Angela Merkel’s lasting legacy? Close the EU ivory market

Oct 28, 2020 | Commentary

By Rosie Awori –  Pan African Wildlife Conservation Network

World leaders came together on 30th September to express their commitment to maintaining and protecting global biodiversity. At the UN Summit on Biodiversity, 64 political leaders, most speaking virtually, pledged to protect our global biodiversity heritage, committing to work towards ending environmental crimes, which were finally acknowledged as the causes of environmental degradation and biodiversity loss.

Ursula Von der Leyen, President of the European Union, pledged that the EU was ready to lead when it comes to meeting the biodiversity targets spelled out in the EU’s Green Deal, she tweeted, “ … we need to act now and bring nature back into our lives. This is the moment for world leaders to work on new ambitious global diversity targets. The EU is ready to lead the way with the EU Green Deal.”

But here’s the problem: many of us dedicated to nature conservation find it perplexing that the EU chooses to enact specific legislation on climate change –  critical to maintaining the earth’s delicate balance – yet continues to refuse to adopt binding legislation on a key aspect of biodiversity protection: ending the shameful EU ivory trade. 

In June, the EU laid out legally-binding targets to achieve net-zero greenhouse gas emissions by 2050, and the steps needed in the intervening years to achieve this.  This legislation provides a convincing indicator that the EU should also lay out specific targets when it comes to protecting biodiversity; however there appears to be nothing but vague suggestions and recommendations. Just how long will things remain like this?

EU double standards

The Biodiversity Strategy states that in the post-COVID context, the EU aims to build our societies’ resilience to future threats such as climate change impacts, forest fires, food insecurity, or disease outbreaks, including by protecting wildlife and fighting illegal wildlife trade. The question remains: can suggestions and recommendations alone end the illegal wildlife trade? The need for binding laws is urgent and should be seen as such.

Despite the aforementioned “recommendations,” the EU continues to maintain a thriving ivory market. Obviously, ending wildlife trade is not high on its list of priorities. It is widely accepted that a strong biodiversity framework provides a cohesive framework for ecosystems to thrive. With ivory markets still open and prospering, this double standard puts the safety of elephants in grave danger in Africa and elsewhere and endangers biodiversity because of the key role they play in it.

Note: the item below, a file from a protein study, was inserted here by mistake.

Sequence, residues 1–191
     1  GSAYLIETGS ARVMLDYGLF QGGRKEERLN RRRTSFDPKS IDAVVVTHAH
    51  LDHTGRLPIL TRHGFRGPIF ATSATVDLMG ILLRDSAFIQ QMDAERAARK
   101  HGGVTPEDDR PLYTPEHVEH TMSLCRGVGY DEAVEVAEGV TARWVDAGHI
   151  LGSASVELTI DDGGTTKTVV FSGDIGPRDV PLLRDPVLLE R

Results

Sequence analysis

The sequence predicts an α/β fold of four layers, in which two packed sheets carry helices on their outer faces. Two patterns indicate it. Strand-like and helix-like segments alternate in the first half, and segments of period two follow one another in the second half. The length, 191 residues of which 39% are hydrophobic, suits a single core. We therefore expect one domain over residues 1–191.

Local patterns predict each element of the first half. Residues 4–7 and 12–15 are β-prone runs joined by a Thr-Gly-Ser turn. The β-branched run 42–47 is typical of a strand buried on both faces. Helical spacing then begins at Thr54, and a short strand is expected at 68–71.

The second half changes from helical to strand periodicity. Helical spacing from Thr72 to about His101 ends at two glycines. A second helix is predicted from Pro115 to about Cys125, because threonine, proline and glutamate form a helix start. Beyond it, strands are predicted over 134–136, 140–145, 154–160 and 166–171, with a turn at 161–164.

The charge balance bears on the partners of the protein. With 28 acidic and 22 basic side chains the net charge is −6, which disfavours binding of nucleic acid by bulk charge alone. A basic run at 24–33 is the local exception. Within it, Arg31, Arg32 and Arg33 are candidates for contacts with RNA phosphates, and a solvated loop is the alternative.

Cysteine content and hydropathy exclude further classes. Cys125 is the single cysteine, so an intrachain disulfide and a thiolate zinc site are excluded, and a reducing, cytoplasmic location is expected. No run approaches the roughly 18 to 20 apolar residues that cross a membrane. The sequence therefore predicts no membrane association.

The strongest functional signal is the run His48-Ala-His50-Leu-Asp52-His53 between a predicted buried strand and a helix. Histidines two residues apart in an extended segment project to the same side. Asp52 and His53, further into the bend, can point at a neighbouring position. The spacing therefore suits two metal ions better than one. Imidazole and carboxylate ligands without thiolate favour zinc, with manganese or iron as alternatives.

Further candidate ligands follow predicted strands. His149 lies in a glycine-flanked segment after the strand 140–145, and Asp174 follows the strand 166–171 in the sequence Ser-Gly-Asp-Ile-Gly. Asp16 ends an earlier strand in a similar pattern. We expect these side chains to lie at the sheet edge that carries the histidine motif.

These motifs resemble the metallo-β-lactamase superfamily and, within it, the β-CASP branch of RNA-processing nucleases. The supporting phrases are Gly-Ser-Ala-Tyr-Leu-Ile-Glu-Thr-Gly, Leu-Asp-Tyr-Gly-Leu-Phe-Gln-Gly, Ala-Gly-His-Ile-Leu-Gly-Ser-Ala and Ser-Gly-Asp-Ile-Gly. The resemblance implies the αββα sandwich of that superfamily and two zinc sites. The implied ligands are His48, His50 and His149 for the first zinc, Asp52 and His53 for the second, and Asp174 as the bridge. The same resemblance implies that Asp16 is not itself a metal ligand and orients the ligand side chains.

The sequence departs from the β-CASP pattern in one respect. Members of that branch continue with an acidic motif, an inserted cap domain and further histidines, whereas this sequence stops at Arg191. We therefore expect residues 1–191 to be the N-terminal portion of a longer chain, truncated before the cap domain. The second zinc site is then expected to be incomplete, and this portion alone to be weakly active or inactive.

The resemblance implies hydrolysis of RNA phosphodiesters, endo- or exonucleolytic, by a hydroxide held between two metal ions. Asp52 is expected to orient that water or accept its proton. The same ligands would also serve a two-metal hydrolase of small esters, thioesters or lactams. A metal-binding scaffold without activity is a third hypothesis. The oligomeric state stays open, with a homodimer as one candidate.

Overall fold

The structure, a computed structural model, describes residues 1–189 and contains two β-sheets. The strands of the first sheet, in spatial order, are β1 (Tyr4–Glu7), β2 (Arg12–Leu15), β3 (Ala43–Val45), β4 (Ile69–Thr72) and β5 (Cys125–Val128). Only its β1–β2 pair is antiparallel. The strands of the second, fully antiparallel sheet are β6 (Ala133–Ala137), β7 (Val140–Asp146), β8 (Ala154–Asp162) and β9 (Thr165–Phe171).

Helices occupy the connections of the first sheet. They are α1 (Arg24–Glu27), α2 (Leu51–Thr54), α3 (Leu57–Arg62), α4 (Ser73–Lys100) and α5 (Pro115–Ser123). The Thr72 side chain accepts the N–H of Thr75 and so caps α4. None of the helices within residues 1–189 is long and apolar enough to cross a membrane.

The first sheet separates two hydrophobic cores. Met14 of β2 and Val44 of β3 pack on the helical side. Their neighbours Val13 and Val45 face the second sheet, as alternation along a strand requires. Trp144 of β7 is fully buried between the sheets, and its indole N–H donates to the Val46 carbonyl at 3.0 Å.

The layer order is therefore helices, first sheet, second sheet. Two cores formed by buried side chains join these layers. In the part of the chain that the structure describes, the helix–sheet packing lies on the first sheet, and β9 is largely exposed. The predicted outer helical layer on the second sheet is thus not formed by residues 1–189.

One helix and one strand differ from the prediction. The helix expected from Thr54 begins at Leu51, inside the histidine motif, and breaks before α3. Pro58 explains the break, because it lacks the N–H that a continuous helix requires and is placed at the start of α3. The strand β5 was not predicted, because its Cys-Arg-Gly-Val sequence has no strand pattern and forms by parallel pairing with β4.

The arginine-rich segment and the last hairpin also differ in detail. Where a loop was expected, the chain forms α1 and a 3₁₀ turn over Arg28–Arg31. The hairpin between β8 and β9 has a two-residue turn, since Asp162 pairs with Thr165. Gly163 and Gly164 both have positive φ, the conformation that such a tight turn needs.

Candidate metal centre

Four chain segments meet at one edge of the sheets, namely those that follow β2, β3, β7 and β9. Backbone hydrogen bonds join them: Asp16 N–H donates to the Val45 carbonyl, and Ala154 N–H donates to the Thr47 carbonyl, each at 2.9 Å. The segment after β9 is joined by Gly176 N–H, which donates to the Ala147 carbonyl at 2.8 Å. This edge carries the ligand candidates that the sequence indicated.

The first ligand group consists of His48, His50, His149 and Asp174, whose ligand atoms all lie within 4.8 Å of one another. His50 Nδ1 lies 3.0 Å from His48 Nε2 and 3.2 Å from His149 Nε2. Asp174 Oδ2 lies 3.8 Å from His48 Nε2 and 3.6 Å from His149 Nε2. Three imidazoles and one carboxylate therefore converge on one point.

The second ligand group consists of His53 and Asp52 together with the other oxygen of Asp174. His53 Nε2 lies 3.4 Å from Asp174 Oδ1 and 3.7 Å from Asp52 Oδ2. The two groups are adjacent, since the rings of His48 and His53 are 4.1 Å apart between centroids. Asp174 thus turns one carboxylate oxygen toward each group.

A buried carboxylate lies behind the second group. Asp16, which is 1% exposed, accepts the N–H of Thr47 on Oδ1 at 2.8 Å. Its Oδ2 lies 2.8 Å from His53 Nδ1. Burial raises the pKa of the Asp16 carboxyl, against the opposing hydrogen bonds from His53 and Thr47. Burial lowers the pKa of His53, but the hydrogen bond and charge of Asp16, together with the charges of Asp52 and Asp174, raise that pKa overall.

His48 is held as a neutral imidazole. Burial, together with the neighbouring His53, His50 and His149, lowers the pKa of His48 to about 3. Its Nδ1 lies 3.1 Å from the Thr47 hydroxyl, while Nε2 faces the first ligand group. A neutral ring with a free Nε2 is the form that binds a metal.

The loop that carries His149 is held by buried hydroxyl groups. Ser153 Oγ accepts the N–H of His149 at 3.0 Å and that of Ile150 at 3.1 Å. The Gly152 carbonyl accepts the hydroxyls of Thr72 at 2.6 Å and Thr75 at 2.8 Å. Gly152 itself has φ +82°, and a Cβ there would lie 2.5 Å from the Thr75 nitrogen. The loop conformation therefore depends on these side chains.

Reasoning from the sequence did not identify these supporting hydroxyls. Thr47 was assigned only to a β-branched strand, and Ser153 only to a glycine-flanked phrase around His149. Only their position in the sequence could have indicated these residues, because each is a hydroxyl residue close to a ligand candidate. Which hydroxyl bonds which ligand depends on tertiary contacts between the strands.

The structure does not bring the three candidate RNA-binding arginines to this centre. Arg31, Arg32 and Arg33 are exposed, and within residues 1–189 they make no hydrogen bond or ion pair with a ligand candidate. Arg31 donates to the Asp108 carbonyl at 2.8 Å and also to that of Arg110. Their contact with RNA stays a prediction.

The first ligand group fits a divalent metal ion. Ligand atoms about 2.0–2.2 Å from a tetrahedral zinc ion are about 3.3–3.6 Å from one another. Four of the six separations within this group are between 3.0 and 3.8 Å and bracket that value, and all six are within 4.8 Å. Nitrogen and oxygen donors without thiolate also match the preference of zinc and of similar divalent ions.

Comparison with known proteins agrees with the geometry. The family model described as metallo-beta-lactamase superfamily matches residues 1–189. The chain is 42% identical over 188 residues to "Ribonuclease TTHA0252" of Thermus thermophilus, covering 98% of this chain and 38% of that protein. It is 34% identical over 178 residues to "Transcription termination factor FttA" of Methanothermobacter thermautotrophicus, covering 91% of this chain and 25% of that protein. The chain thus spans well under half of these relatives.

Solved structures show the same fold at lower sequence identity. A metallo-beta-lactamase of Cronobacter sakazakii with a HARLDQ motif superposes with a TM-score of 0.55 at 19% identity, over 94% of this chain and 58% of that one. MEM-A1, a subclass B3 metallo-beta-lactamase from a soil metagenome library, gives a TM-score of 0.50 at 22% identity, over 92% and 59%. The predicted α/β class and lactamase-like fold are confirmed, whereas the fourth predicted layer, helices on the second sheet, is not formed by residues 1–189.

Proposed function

German EU Presidency: the ball is in your court

The EU member states and the rest of the world look to Germany, President of the EU Council until this December, to influence biodiversity policy during its term in office. We know that the Presidency would like to see ambitious steps taken to tackle the EU ivory trade during its tenure. Any new initiative, however, needs to go all the way and close the EU market, following the lead of China, the US, Hong Kong SAR, the UK, New Zealand and others. Existing rules have not worked and permit loopholes particularly around antique ivory. Ample evidence exists that new ivory frequently masquerades as old ivory in Europe, thereby permitting the trade to continue unhindered.

Certification has not worked.  The Netherlands has stopped issuing export certificates and France is taking an equally tough line. To show similar levels of ambition, the German EU presidency must adopt a legislative proposal on ivory as far reaching as that of the climate law.

The need for a binding framework

On the road to legislating policies with global impact, the EU must walk in line with and listen to its international partners, many of whom live with the consequences of these initiatives. In particular, we, as Africans, expect to see a concrete legislative framework adopted in the areas that affect us so profoundly and that recognizes, specifically, the criminality of the illegal ivory trade. 

As a sign of good faith and solidarity, the EU should seek to collect all “antique” pieces and destroy them, as some African countries have already done. This will send a strong message that the EU has adopted a zero-tolerance policy on ivory trade, and it will discourage consumers and middlemen who try to smuggle ivory into the EU.

We will continue to watch and see just what measures the German EU Presidency will propose to realise its lofty biodiversity ambitions. We do not need empty words to silence conservationists.  We need robust laws that will genuinely protect global biodiversity.

Rosie Awori is a freelance journalist and senior writer  and corporate communications strategist at the Pan African Wildlife Conservation Network.

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